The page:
Thursday, 06 May 2021

W Weekly Update

6-13 March

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Weekly update


13 March
Armenians are increasingly distrustful of key public institutions, results from a newly-published public opinion survey show. According to the poll was conducted last month by the Center for Insights in Survey Research at the International Republican Institute (IRI), a Washington-based “international democracy-development organization.” According to the survey, the majority of Armenians have a “very” or “somewhat” favorable opinion about only six institutions: the army (73%), the police (63%), the Human Rights Defender’s Office (60%), local authorities (56%), the prime minister’s office (54%), and the Armenian Apostolic Church (52%). At the same time, the majority of respondents reported holding a “very” or “somewhat” unfavorable opinion about seven institutions: political parties (73%), the National Assembly (64%), the president’s office (60%), courts (57%), the Constitutional Court (55%), the cabinet of ministers (53%), and the prosecutor’s office (53%). These statistics suggest that trust in public institutions has fallen considerably in recent years. For instance, in a September-October 2019 IRI poll, only four institutions received a “very” or “somewhat” unfavorable rating from the majority of respondents: the courts (57%), the prosecutor’s office (55%), political parties (52%), and the Constitutional Court (51%). Notably, public distrust in political parties has surged by a whopping 21 percentage points between the two surveys.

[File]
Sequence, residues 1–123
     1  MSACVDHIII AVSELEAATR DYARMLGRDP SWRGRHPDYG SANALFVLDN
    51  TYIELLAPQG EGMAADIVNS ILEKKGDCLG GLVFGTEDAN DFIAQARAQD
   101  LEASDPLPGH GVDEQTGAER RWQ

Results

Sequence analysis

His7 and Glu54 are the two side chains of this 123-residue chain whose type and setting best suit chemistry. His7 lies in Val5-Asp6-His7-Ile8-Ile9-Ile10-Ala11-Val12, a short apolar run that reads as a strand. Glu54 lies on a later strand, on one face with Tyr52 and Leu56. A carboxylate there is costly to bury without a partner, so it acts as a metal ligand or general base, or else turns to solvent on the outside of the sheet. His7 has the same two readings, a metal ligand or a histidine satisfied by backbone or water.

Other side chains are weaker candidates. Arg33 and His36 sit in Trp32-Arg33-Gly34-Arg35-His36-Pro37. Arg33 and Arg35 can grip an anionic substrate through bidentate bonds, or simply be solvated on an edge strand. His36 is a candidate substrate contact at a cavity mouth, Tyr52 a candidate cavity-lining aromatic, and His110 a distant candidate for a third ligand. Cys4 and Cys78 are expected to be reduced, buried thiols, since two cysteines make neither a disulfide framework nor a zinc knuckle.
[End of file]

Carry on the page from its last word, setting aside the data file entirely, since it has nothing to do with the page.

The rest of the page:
12 March
In the aftermath of the recent war between Armenia and Azerbaijan over the Nagorno-Karabakh region, drone warfare is being touted as the latest breakthrough in military technology, a “magic bullet” that makes armored vehicles obsolete, defeats sophisticated anti-aircraft systems, and routs entrenched infantry, reported  That drones have the power to alter a battlefield is a given, but they may not be all they are advertised. Azerbaijan’s drones–mostly Turkish Bayraktar TB2s and Israeli Harpys, Orbiter-1Ks, and Harops–did, indeed, make hash of Armenian tanks and armored vehicles and largely silenced anti-aircraft systems. They also helped the Azeri artillery target Armenian positions. But the Azerbaijanis won the recent war by slugging it out on the ground, with heavy casualties on both sides.


11 March
In last year’s war, Karabakh’s Armenians lost three-quarters of the territory they used to control, and the safety of the remaining population now depends on a Russian peacekeeping mission whose mandate expires in 2025. In line with for many here, the fate of Karabakh and its Armenian population seems to be hanging by a thread. During the war, well more than half (estimates vary) of Karabakh’s roughly 150,000 people fled into Armenia. Since then, many have returned, though estimates vary widely. Armenia’s minister of social and labor affairs, Mesrop Arakelyan, said in January that 95,000 had returned. The Russian peacekeepers have been facilitating the return of residents, and say that thus far 52,712 have returned.